In reference to migratory patterns, this data shows that Humpback Whales do in fact travel through areas that scientists are yet to expect. While tail fluke identification is a strong method for classification and should continue to be a way in which to pinpoint specific animals to assess health and areas of necessary protection, “many result from opportunistic or ‘casual’ encounters with animals”, which can end up being quite unreliable (Buckland 1990). Acoustic readings of songs can serve in more a successful way in order to know where specifically each population travels.

With continued research using acoustic monitoring such as the type used in this study, more specific locations can be identified in hopes of further protecting these animals. This methodology can also be applied to other species of cetaceans, allowing for researchers to locate where in the oceans they are breeding and strictly protect the area to allow for higher reproduction and survival rates.

Work Cited:

Buckland, S. T. “Estimation of survival rates from sightings of individually identifiable whales.” Report of the International Whaling Commission (special issue 12) (1990): 149-153.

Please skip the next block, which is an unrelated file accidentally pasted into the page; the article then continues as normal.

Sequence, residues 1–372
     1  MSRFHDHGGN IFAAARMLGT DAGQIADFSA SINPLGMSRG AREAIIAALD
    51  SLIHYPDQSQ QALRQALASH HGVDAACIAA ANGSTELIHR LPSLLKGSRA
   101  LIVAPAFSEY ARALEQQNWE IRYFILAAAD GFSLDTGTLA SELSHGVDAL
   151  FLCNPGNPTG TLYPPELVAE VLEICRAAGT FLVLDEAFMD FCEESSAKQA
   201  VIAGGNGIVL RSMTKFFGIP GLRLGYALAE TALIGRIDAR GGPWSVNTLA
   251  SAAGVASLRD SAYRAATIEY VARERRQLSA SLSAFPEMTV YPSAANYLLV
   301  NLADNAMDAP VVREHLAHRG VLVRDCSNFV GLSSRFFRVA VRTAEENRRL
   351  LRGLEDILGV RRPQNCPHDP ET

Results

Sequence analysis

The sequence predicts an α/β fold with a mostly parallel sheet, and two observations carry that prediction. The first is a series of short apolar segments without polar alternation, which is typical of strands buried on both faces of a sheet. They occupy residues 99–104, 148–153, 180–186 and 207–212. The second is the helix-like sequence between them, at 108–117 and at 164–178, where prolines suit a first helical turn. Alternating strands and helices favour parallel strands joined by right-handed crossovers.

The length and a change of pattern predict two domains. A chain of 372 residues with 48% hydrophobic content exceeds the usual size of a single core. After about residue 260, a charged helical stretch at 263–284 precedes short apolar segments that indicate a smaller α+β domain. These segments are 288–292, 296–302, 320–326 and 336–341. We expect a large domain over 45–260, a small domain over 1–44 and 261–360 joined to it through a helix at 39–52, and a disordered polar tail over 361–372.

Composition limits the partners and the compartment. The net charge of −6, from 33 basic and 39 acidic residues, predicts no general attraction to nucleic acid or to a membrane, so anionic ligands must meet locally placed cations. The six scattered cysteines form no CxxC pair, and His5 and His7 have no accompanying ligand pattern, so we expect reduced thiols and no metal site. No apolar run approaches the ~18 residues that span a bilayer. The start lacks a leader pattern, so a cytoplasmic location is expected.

Charif, R., Clapham, P. J., Gagnon, W., Loveday, P. & Clark, C. W. “Acoustic detections of singing humpback whales in the waters of the British Isles.” Mar. Mammal Sci. (2001). 17, 751–768.

Clapham, P. J. & Mattila, D. K. “Humpback whale songs as indicators of migration routes.” Mar. Mammal Sci. (1990). 6, 155–160.

Clark, Christopher W., and Phillip J. Clapham. “Acoustic monitoring on a humpback whale (Megaptera novaeangliae) feeding ground shows continual singing into late Spring.” Proceedings of the Royal Society B: Biological Sciences 271.1543 (2004): 1051.

Katona, S. K. & Beard, J. A. “Population size, migrations and feeding aggregations of the humpback whale (Megaptera novaeangliae) in the western North Atlantic Ocean.” Rep. Int. Whal. Commiss. (1990). 12: 295–305.

Kellogg, R. “What is known of the migrations of some of the whalebone whales.” A. Rep. Smithson. Inst. 1928, (1929). pp. 467–494.

Nilfanion. “User:Nilfanion.” Category: Heidentor (Carnuntum) – Wikimedia Commons, Wikimedia Foundation, Inc., 28 July 2008.

NOAA. Hawaiian Island Humpback Whale National Marine Sanctuary. National Ocean Service, 31 July 2017.

Norris, T. F., McDonald, M. & Barlow, J. “Acoustic detections of singing humpback whales (Megaptera novaeangliae) in the eastern North Pacific during their northbound migration.” J. Acoust. Soc. Am. (1999). 106, 506–514.

Payne, Roger S., and Scott McVay. “Songs of humpback whales.” Science 173.3997 (1971): 585-597.

Vu, Elizabeth T., et al. “Humpback whale song occurs extensively on feeding grounds in the western North Atlantic Ocean.” Aquatic Biology 14.2 (2012): 175-183.

Winn, H. E., and L. K. Winn. “The song of the humpback whale Megaptera novaeangliae in the West Indies.” Marine Biology 47.2 (1978): 97-114.